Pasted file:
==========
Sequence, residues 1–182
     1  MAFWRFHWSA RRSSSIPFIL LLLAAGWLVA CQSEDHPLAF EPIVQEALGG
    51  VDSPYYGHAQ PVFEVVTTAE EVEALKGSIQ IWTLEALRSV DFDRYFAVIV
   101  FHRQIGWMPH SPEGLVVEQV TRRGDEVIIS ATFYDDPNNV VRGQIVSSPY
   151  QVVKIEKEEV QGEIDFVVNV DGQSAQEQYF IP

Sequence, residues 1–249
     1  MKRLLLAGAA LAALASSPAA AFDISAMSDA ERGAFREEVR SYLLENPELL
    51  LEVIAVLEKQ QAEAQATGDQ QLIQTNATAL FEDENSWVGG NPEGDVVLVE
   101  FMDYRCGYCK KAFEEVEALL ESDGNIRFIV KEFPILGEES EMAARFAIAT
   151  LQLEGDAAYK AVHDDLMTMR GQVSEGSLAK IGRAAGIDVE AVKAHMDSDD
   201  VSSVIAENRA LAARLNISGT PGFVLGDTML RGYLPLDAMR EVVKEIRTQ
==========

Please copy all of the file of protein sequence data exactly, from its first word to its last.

Sequence, residues 1–182
     1  MAFWRFHWSA RRSSSIPFIL LLLAAGWLVA CQSEDHPLAF EPIVQEALGG
    51  VDSPYYGHAQ PVFEVVTTAE EVEALKGSIQ IWTLEALRSV DFDRYFAVIV
   101  FHRQIGWMPH SPEGLVVEQV TRRGDEVIIS ATFYDDPNNV VRGQIVSSPY
   151  QVVKIEKEEV QGEIDFVVNV DGQSAQEQYF IP

Sequence, residues 1–249
     1  MKRLLLAGAA LAALASSPAA AFDISAMSDA ERGAFREEVR SYLLENPELL
    51  LEVIAVLEKQ QAEAQATGDQ QLIQTNATAL FEDENSWVGG NPEGDVVLVE
   101  FMDYRCGYCK KAFEEVEALL ESDGNIRFIV KEFPILGEES EMAARFAIAT
   151  LQLEGDAAYK AVHDDLMTMR GQVSEGSLAK IGRAAGIDVE AVKAHMDSDD
   201  VSSVIAENRA LAARLNISGT PGFVLGDTML RGYLPLDAMR EVVKEIRTQ